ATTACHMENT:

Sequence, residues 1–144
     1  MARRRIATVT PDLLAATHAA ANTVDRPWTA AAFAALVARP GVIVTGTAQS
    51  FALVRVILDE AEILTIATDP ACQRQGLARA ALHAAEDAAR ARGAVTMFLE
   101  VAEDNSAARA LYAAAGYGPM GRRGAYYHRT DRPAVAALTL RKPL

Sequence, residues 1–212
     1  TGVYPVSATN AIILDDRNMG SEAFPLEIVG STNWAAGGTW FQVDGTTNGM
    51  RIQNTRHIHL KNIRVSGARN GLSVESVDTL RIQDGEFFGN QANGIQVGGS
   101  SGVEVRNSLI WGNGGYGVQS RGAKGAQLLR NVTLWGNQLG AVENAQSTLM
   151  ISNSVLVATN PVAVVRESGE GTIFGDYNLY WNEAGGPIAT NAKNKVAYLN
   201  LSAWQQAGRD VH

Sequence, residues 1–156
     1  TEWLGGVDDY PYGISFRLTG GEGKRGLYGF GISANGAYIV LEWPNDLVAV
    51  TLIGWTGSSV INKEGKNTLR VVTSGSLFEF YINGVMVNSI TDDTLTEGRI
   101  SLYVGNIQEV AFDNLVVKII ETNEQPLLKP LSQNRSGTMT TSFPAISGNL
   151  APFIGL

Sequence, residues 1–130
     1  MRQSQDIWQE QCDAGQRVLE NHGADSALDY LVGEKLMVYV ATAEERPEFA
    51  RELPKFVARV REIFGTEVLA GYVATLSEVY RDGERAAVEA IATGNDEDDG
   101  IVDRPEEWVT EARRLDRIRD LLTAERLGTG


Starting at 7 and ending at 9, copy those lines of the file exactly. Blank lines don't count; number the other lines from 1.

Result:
    51  RIQNTRHIHL KNIRVSGARN GLSVESVDTL RIQDGEFFGN QANGIQVGGS
   101  SGVEVRNSLI WGNGGYGVQS RGAKGAQLLR NVTLWGNQLG AVENAQSTLM
   151  ISNSVLVATN PVAVVRESGE GTIFGDYNLY WNEAGGPIAT NAKNKVAYLN